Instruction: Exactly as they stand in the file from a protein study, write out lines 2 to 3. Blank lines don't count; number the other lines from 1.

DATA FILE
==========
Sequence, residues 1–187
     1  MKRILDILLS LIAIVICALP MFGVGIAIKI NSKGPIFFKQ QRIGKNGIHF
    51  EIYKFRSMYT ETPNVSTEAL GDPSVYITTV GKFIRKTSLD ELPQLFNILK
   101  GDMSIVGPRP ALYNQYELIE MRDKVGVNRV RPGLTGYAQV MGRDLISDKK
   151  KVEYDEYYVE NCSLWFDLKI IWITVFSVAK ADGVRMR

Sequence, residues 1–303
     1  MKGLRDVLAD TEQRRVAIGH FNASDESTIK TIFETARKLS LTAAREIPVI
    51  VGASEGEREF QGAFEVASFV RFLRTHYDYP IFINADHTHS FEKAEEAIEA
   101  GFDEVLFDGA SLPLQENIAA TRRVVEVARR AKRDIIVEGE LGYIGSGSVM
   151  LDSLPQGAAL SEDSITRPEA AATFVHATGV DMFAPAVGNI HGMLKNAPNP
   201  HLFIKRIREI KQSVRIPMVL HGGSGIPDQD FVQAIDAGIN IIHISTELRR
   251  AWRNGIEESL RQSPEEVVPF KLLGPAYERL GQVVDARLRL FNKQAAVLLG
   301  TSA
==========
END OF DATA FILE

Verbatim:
     1  MKRILDILLS LIAIVICALP MFGVGIAIKI NSKGPIFFKQ QRIGKNGIHF
    51  EIYKFRSMYT ETPNVSTEAL GDPSVYITTV GKFIRKTSLD ELPQLFNILK